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If a black congressman dies in the Trump era, does it make a tweet?

A Tale of Two Funerals

On October 17, 2019 Rep. Elijah Cummings died at the age of 68. The online reaction (aka Twitter) was enormous. Tweet after tweet proclaimed what a great man he was, what an icon of the civil rights movement, what a heroic congressman, and what a tremendous loss this was for the nation. This cycle of public grief is generally reserved for celebrities – Prince, Whitney Houston, Carrie Fisher, etc. At first glance, a long-serving black Congressman from Maryland does not belong in that category. I was left baffled, “How have all of these people ever heard of Elijah Cummings?”

As a case in point, on October 27, 2019, Former Rep. John Conyers died at the age of 90. Conyers is the longest serving black member of Congress in the nation’s history. He was the first person to introduce legislation to create a national holiday honoring Martin Luther King Jr.; he was one of the founding members of the Congressional Black Caucus; he served as either chair or ranking member of the House Judiciary committee since the 1990s; and he consistently introduced legislation on reparations from 1989 until 2017. The online reaction to Conyers’s death fit much more in line with my expectations for an important member of Congress – a Kanye shrug.

-Cummings became the first black member of Congress to lay in state at the Capital Rotunda.

-Conyers laid in state at a funeral home in Detroit.

-Cummings received a state funeral that was attended by every major figure in the Democratic Party – including a eulogy by Barack Obama.

-Conyers was eulogized by Bill Clinton and Jesse Jackson. Barack Obama did not attend.

To be clear, I am not saying that Elijah Cummings was not worthy of these accolades. Nor am I saying that John Conyers received less than he deserved. I am saying that the reaction to Cummings’s death was extraordinary.

Is Elijah Cummings the most important black man to ever serve in Congress?

If our criteria for determining the importance of congressmen is 1) having a biblical first name; and 2) having a last name that rhymes with “strumming”, then yes. By any other criteria, not so much. My research is on black agenda setting – how and why does Congress pay attention to black issues? A major part of that work has been coding every bill introduced by every black member of Congress from 1972 to 2016. This allows me to measure how much of a member’s legislative work is geared towards black issues.Table 1 lists the top ten black members of Congress in terms of the average number of black bills introduced per year.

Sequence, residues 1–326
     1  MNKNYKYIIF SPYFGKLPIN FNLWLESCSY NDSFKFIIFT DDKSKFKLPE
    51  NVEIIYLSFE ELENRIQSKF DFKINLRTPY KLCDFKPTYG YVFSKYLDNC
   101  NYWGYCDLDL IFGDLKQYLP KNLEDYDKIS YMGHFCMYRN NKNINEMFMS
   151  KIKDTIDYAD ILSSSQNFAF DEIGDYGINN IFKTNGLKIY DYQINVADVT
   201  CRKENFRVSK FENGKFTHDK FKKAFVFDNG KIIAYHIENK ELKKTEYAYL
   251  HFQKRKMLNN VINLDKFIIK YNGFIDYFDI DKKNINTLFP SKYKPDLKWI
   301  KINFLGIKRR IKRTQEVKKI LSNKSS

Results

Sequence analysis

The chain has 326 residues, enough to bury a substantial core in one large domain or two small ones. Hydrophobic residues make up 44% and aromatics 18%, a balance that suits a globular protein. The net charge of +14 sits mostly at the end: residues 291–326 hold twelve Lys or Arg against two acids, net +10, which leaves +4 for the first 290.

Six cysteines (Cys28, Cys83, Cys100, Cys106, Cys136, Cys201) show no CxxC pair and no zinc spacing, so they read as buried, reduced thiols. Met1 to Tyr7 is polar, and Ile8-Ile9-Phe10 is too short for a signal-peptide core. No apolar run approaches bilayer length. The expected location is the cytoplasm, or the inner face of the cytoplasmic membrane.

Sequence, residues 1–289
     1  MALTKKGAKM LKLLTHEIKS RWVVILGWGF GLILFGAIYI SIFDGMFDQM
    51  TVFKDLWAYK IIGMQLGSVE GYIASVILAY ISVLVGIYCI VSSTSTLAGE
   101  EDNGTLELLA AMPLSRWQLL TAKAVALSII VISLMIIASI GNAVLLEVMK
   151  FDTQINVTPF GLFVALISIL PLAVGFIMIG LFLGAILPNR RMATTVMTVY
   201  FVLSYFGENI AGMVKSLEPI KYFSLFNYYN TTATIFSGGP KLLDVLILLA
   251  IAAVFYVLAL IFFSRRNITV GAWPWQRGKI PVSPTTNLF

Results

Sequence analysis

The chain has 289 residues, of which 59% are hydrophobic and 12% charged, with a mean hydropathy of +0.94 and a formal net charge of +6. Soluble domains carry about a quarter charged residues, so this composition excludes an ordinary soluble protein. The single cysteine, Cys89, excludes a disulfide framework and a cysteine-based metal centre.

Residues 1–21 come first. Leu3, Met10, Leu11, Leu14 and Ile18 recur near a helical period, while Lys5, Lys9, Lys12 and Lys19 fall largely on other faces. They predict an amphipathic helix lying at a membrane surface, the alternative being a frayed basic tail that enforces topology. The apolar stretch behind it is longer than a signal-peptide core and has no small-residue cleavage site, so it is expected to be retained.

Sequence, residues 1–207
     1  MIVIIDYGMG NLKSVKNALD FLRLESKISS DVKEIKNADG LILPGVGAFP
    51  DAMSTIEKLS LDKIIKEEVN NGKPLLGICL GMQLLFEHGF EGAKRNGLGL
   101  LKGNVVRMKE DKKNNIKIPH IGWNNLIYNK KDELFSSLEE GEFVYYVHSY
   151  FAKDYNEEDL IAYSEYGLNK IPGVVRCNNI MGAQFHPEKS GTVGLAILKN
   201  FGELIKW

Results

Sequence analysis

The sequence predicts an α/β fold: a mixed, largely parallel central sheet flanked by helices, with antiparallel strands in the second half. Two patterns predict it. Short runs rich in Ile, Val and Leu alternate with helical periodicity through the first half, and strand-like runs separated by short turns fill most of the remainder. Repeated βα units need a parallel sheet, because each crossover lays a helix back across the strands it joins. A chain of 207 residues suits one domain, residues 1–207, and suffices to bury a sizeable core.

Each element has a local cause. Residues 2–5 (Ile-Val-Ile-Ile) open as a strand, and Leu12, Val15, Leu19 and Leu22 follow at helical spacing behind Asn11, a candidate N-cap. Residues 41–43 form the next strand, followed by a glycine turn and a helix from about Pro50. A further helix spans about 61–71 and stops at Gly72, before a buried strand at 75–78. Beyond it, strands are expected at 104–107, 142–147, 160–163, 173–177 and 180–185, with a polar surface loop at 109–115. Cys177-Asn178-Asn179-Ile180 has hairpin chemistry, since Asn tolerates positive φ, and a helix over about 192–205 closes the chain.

Top 10 Sponsors of Black Issue Bills

Member

Black

Antiracist

Welfare

Culture

Hawkins, Augustus F.

5.00

0.33

4.67

0.00

Rangel, Charles B.

3.27

0.59

1.82

0.86

Leland, G. T. (Mickey)

3.09

0.91

2.00

0.18

Conyers, John, Jr.

2.91

1.36

0.91

0.64

Jackson-Lee, Sheila

2.86

1.86

0.50

0.50

Obama, Barack

2.75

1.00

1.25

0.50

Veasey, Marc

2.50

1.25

1.25

0.00

Ellison, Keith

2.40

0.50

1.90

0.00

Nix, Robert N. C.

2.33

0.17

0.50

1.67

Wilson, Frederica

2.17

0.33

1.67

0.17

Out of the 114 black people who served in Congress during this time period, John Conyers ranks fourth. Elijah Cummings does not make the top ten. In fact, Rep. Cummings is the literal median – he ranks 57th out of 114. It seems odd that a middle of the pack advocate for black issues would become the most honored black member of Congress.

Everything is always about Trump

Why was there such an extraordinary reaction to the death of this seemingly ordinary member of Congress? As in all things since January 2017, the answer comes back to President Donald Trump. The figure below shows the google trends data for Rep. Cummings (black line) and Rep. Conyers (red line) from January 2016 to December 2019.

The figure confirms what we already knew:

-Most people do not care about random members of Congress most of the time.

-There is a tremendous spike on searches for Elijah Cummings during the week of his death.

-The spike after the death of John Conyers pales in comparison.

We also learn some new things:

-The peak in interest for John Conyers is related to the sexual harrassment scandal that forced him out of office in December 2017.

-Elijah Cummings received a surge in interest when he chaired the Oversight Committee’s hearings on Michael Cohen.

-Cummings received a second surge when President Trump publicly disparaged him and his congressional district.

Trump distorts everything in our current politics. Rep. Elijah Cummings was cast in a starring role in 2019’s Trump drama. His role as a completely ordinary black member of Congress was forgotten. Instead, his legacy is as a hero of the #Resistance. John Conyers’s career as an extraordinary member of Congress (at least in terms of black agenda setting) never received much attention. He was cast as another villain in the world of #MeToo.

In reality television there are heroes and villains. Each contestant’s screen time is dependent upon their proximity to those heroes and villains. In the Trump Era, the same logic applies to members of Congress.

 

(Photo credit: @mjb, Creative Commons)

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Matthew B. Platt is an associate professor of political science at Morehouse College.